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November 12, 2009

Human Writes


If a thousand monkeys at a thousand typewriters in a thousand years could write the Bible, how many would it take to make people take it seriously? Oh sorry, how many people would it take to make the monkeys take it seriously?: is what I meant. Oh wait, no, I meant the Complete Works of William Shakespeare (nobody takes them seriously). Or maybe some people do take Bill S. seriously (and the monkeys are laughing their heads off). Banana gunk and peanut skins all over the keys. The creationists breaking down the door.

And who’s gonna change the ribbons when computers replace the typewriters and you can’t buy old blue and red ribbons anymore (with over 900 years left to go)? One thing I know (and then I’ll shut up) monkeys could build computers, program them and use them, but only humans could invent (and name) The Blog. It was proposed to the monkeys and they just showed their teeth and typed WHY? WHY?

So we’re stuck with it. Every man a King Features Syndicate. When I was a little kid, and my dad had a mimeograph machine in his office, I thought I could start a neighborhood newspaper for us kids, write funny stories and drawings about the other kids, but there was something about cutting stencils or ditto masters and inking the roller, and anyway it never happened. Now, almost a hundred years later, it’s easy as pie. I have my own newspaper (two, in fact) in Blogland (it ain’t Candyland, but you can see it from there).

What’s writing take? I’m convinced that it takes sacrifice and mental imbalance. Sacrifice, maybe called ambition, means you turn your back on your family and friends, you shut the door on your spouse (if one will put up with you), you de-prioritize your job, and you write like the driven maniac you are.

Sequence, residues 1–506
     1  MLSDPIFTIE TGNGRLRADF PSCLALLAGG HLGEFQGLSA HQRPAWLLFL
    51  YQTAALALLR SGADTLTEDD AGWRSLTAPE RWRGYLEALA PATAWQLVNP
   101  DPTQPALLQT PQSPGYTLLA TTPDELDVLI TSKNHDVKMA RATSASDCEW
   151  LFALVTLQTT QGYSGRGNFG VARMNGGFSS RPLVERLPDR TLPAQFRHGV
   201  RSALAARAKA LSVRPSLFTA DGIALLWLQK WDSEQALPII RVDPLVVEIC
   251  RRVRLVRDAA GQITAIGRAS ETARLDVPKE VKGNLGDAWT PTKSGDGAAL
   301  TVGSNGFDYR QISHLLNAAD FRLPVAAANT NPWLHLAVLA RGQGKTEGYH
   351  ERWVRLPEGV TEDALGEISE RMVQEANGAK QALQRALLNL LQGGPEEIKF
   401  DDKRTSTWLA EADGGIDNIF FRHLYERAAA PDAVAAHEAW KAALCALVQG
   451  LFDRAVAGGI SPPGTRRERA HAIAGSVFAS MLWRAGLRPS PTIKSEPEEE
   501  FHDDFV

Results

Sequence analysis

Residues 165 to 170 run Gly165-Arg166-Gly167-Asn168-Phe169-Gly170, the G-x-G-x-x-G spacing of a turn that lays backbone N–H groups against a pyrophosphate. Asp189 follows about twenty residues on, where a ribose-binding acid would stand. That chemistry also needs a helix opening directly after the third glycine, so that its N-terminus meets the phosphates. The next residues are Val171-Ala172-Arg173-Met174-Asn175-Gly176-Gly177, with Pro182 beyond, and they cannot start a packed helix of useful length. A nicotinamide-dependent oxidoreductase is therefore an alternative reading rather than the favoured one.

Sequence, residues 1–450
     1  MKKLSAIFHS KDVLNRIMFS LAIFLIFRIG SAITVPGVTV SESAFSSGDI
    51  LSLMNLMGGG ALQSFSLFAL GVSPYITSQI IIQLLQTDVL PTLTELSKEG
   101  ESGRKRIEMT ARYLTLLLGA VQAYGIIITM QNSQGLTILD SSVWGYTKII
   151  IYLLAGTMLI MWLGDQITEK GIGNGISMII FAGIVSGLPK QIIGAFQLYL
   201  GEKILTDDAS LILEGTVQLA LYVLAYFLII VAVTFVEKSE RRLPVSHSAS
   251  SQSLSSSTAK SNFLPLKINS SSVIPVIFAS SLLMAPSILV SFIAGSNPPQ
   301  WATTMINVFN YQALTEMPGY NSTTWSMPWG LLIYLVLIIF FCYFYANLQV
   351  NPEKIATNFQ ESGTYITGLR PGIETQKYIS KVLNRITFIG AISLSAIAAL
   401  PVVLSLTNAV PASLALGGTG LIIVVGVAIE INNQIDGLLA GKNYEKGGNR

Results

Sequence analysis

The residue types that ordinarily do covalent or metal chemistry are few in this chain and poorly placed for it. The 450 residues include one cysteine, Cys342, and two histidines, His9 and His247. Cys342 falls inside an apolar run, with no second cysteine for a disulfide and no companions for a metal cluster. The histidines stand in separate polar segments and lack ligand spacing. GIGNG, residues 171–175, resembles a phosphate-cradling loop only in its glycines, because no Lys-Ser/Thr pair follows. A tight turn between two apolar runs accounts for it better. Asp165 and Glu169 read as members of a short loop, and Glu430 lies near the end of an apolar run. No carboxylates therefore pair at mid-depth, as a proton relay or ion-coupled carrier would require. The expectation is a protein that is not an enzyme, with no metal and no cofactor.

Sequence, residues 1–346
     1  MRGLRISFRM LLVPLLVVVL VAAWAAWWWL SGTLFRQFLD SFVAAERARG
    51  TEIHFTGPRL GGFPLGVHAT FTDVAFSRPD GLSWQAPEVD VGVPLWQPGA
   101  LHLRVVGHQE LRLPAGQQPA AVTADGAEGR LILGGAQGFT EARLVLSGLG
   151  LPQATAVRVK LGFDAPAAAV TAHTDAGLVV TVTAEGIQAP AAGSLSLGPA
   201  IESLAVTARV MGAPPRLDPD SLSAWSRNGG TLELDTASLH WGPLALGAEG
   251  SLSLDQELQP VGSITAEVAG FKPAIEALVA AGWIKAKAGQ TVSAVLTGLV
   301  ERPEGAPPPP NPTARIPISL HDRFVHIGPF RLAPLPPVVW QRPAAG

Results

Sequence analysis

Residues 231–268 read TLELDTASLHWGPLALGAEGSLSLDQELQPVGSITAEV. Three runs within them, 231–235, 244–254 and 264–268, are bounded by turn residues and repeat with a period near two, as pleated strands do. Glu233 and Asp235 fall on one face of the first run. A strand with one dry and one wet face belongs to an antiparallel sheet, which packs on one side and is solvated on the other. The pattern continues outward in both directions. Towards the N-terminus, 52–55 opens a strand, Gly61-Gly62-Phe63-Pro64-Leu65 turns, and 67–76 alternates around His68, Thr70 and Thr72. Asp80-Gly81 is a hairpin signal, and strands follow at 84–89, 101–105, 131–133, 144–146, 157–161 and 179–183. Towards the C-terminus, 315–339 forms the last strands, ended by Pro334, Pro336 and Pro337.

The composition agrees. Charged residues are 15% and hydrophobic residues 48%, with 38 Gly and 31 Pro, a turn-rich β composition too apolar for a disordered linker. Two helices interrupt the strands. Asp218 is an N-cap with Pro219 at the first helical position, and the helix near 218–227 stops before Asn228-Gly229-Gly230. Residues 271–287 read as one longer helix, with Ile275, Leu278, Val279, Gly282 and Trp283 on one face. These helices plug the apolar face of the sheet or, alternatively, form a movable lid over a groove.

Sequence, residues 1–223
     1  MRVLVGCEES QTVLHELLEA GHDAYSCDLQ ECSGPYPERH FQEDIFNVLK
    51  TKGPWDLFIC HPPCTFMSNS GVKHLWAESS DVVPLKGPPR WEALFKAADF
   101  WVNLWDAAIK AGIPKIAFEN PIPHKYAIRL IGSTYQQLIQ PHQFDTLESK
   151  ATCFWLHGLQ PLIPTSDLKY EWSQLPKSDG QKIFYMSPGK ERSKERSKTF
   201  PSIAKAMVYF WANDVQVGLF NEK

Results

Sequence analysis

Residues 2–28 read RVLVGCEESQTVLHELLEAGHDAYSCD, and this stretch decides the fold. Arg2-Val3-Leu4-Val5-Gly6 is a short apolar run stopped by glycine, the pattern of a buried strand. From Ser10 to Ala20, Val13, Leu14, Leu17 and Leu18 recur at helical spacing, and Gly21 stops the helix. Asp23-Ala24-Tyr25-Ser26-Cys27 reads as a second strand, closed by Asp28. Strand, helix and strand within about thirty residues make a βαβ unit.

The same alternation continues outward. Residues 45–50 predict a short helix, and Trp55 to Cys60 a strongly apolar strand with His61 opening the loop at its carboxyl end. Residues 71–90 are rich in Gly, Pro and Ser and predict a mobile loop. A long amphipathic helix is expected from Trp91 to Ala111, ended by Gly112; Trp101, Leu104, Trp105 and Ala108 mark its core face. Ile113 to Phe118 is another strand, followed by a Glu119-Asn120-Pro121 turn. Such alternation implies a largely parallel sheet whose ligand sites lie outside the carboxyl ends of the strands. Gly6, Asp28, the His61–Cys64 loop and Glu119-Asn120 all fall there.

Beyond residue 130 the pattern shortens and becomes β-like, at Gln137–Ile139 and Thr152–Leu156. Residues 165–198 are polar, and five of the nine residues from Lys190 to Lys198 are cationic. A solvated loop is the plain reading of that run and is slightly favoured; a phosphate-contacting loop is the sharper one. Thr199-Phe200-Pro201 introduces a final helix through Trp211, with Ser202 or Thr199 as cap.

And when you brood and look out the window, that’s writing too. Wallace Stevens would go for walks every morning, and a neighbor said she saw him walk along, stop, backtrack and walk over his steps again. He was composing. Living in the word world. If you do that your whole life, do you ever live? Are you ever in the horny here and now? (“But honey you seem distracted.” “Let’s do that again, I’m composing.”) And for what? Fame and fortune are a lottery win. Writers are losers. So for what? To leave boxes of paper in the basement that’ll disappear in the fire like Ralph Ellison’s masterpiece sequel to Invisible Man? Poof?

Ben Percy (hot-dog writer/teacher) gave me this quote from Harry Crews last summer:
You have to go to considerable trouble to live differently from the way the world wants you to live.... The world doesn’t want you to do a damn thing. If you wait till you got time to write a novel or time to write a story or time to read the hundred thousands of books you should have already read--if you wait for the time, you’ll never do it. ‘Cause there ain’t no time; world don’t want you to do that. World wants you to go to the zoo and eat cotton candy, preferably seven days a week.